4Besides, through the astonishment illusion provokes, it allows us to take a break and stand back from our own perceptions. Moreover, these effects also involve a pleasurable aspect: we like retry and be astonished again by the effects of illusion, as simple as they may be.

  • 3  Cf. Michael Edwards, De l’émerveillement, Paris, Fayard, 2008.
  • 4  Ernst H. Gombrich, L’Art et l’Illusion, Paris, Phaidon, 2002, p. 7. Also published in English: Art (...)

5Illusion places amazement3 within easy reach: our habits are turned upside down for a short moment, forcing us to take a fresh look at our senses and question our perception of reality. To quote Gombrich: “amazement is at the root of knowledge.”4

  • 5  Jacques Ninio, La Science des illusions, Paris, Odile Jacob, 1998, p. 67.
  • 6  Ernst H. Gombrich, L’Art et l’Illusion, Paris, Phaidon, 2002, p. 7.

6In L’Art et l’Illusion, Gombrich examines this tool with regards to artists who wish to represent reality. As far as art is concerned, many processes can be used to create an illusion. Painters have long since been aware that “the appearance of a color in a painting depends on the surrounding colors and lights, which influence each other.”5 According to him, illusions in the field of arts are not only the result of the artist’s work, but also “necessary instruments for the analysis of appearances.”6

  • 7  Here, we are referring to innovation technologies, especially the “latest” technologies developed. (...)

7It is possible to categorize several types of illusions when it comes to those created with new7 technologies. In this sense, cinema is a striking example: the release of the Lumière brothers’ Arrival of a train at La Ciotat in 1895 provoked strong reactions, as this new medium simultaneously disturbed the audience and provided it with a new way of seeing and hearing. However, because of an adaptation phenomenon, this illusion becomes less surprising from a technical point of view, although it keeps on moving people through various narrations and creations.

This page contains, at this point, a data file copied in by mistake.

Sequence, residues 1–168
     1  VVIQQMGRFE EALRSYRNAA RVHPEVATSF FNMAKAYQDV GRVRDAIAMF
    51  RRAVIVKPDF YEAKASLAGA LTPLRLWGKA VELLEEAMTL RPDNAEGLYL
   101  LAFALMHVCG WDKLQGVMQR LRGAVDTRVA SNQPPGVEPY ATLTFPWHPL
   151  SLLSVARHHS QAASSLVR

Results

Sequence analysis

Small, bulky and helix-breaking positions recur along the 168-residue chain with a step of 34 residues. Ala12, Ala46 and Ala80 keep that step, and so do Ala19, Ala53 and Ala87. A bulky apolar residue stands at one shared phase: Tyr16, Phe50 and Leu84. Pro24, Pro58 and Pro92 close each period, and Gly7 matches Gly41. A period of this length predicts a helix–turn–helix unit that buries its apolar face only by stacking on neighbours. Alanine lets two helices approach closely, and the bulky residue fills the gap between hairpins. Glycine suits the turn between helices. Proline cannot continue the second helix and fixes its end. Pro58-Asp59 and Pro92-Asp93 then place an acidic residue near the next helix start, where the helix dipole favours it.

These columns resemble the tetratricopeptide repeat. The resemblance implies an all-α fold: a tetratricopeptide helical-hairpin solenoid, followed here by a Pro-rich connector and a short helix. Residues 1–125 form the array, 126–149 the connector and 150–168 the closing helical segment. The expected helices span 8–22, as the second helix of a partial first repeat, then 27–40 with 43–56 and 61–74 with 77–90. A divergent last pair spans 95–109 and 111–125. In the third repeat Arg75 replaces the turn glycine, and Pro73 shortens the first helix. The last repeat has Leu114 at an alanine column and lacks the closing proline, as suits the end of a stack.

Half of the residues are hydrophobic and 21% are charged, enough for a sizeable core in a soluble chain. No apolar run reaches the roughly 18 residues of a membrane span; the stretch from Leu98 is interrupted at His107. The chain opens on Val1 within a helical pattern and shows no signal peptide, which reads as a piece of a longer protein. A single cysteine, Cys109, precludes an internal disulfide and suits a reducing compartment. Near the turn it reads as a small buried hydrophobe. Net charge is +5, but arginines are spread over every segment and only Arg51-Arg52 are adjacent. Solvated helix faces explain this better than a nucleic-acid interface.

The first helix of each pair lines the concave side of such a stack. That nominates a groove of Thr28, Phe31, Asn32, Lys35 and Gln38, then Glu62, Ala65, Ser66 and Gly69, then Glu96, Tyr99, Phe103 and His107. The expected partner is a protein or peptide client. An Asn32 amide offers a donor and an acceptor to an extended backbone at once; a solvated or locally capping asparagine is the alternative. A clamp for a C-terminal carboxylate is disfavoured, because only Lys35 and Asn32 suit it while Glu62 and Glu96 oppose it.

• 8  An expression used in marketing and referring to the “fact that a product or service may cause the (...)

8Other processes will be created, reviving the “Wow effect,”8 such as stereoscopic processes, sound spatialization, high-frequency images. The transfer of these technologies from laboratories to various applications throughout the world, in particular in the field of art, paves the way for artists.

9Consequently, my research focus on different technologies contributing to the creation of a range of illusions, both by using new devices (like the ones hitting the market every year in various fields, notably in the field of virtual reality) and older technologies that may broaden contemporary researches.

  • 9  Cf. Maurice Merleau-Ponty Phénoménologie de la perception, Paris, Gallimard, 1945, and Francisco V (...)